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February 27, 2014
A joy to use. If this...
A joy to use. If this pen had been available in the 1930s, the ballpoint would never have been invented. It writes so smoothly, you'd think you were writing on wet glass. I measured the line width (on Rhodia paper) using a pocket microscope, and it's 0.22mm. This puts it in the same league as the finest rollerballs, like the Slicci or the Hi-Tec C. It never skips, and yet I can rest it point down on a piece of paper and no ink blob forms. It has only happened twice that the nib dried out overnight, and all I had to do was touch it to a wet paper towel to get it going.
The only negatives are that the pen looks cheap (although it is actually fairly sturdy), it has no pocket clip, and that the grip keeps my fingers a little too far from the point for my liking. But those are minor quibbles compared to how well it performs. For eight bucks, it's a steal.
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November 12, 2013
I wanted a smooth-writing...
I wanted a smooth-writing pen that writes with a very fine line. Not knowing what to choose, I bought a Pilot Hi-Tech-C 0.25mm, a Pentel Slicci 0.25mm, a Uniball Signo 0.28mm, and the Uniball Jetstream 0.38mm, all with black ink. The Jetstream was really an afterthought - I expected the gel pens to be superior to a lowly ballpoint. And how fine could a 0.38mm ball write, anyway? Boy, was I wrong on both counts.
To test the pens, I wrote several pages with each one on two kinds of paper. The Hi-Tech-C clearly wrote the finest line; so fine that it wasn't comfortable to read my writing - too faint. The Slicci and (surprise) the Jetstream were tied for second place as far as thinness goes. The Signo was easily the thickest of the four.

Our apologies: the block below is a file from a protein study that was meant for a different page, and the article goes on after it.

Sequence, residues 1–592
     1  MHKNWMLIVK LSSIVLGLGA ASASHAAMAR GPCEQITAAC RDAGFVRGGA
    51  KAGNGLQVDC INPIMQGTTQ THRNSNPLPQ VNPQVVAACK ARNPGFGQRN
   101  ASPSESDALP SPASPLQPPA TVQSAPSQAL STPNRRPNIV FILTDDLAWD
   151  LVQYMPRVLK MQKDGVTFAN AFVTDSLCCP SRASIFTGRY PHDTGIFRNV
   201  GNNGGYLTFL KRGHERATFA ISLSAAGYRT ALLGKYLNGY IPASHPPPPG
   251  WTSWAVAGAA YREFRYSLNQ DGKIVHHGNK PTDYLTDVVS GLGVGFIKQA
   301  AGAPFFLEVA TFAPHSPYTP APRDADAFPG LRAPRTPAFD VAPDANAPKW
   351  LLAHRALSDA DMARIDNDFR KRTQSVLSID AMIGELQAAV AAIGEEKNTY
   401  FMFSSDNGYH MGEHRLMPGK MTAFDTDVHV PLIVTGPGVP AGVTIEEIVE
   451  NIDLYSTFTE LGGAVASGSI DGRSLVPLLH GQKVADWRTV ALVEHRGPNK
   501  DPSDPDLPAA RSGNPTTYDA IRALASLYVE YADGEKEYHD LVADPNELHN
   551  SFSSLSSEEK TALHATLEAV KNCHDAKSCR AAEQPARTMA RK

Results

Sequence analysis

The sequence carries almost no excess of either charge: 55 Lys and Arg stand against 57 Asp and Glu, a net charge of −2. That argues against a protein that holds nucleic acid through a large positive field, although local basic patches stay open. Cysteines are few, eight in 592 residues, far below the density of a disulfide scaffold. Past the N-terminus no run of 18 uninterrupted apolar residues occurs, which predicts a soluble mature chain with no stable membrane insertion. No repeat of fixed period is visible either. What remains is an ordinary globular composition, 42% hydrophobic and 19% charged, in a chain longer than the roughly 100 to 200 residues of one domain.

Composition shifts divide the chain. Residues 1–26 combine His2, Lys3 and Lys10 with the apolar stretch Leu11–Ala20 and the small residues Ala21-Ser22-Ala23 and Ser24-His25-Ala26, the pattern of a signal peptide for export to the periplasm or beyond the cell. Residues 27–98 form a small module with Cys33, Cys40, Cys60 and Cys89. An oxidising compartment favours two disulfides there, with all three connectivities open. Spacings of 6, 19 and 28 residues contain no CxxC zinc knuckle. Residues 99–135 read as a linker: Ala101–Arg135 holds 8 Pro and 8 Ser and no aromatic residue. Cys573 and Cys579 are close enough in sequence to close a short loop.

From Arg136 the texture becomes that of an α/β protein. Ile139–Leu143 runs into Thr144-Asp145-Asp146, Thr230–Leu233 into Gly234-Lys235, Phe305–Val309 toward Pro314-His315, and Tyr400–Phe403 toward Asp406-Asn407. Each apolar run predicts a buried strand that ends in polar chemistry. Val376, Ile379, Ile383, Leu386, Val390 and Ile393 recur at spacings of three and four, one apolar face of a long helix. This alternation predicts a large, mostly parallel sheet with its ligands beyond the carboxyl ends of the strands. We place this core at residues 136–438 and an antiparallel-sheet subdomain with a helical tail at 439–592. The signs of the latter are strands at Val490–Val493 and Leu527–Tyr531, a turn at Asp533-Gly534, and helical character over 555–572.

The Signo, the Hi-Tech-C, and the Slicci were very smooth but offered resistance, like moving a canoe paddle through water. The Slicci was best in that regard, the Signo the worst. The resistance of the Signo and Hi-Tech-C was so great that I can't see myself writing with them very much; it would be too tiring. (Note that those pens probably write with much less resistance if you choose a larger ball diameter.) The Jetstream, on the other hand, moved across the page with no resistance, but had just a tiny bit of that "ballpoint feel". You probably know what I mean, some kind of tactile feedback that gel pens don't have.
As far as comfort goes, the Signo and Jetstream were easily the best and the Slicci was the worst. The Slicci and the Hi-Tech-C are just sooo thin and slippery that they are uncomfortable to hold, and I got tired of squeezing them to keep them from slipping out of my hand.
Skipping was really not a problem with any of the pens, although the Hi-Tech-C and Jetstream did skip just a tiny bit once in a great while, with the Hi-Tech-C worse than the Jetstream.
The Jetstream ink, being a ballpoint, dries much faster than the gel pens, pretty much instantly.
All things considered, the Jetsteam was the clear winner, with the Slicci coming in second.
Finally, and best of all, you can buy the fantasticly comfortable Jetstream Alpha Gel 0.7mm pen and replace the guts with a Jetstream 0.38mm refill, giving you what I think is the all-around best pen on the market. I didn't notice any better pen bodies available for the Slicci, but if there were one, I would rate the Slicci a close second.
Hope that helps.
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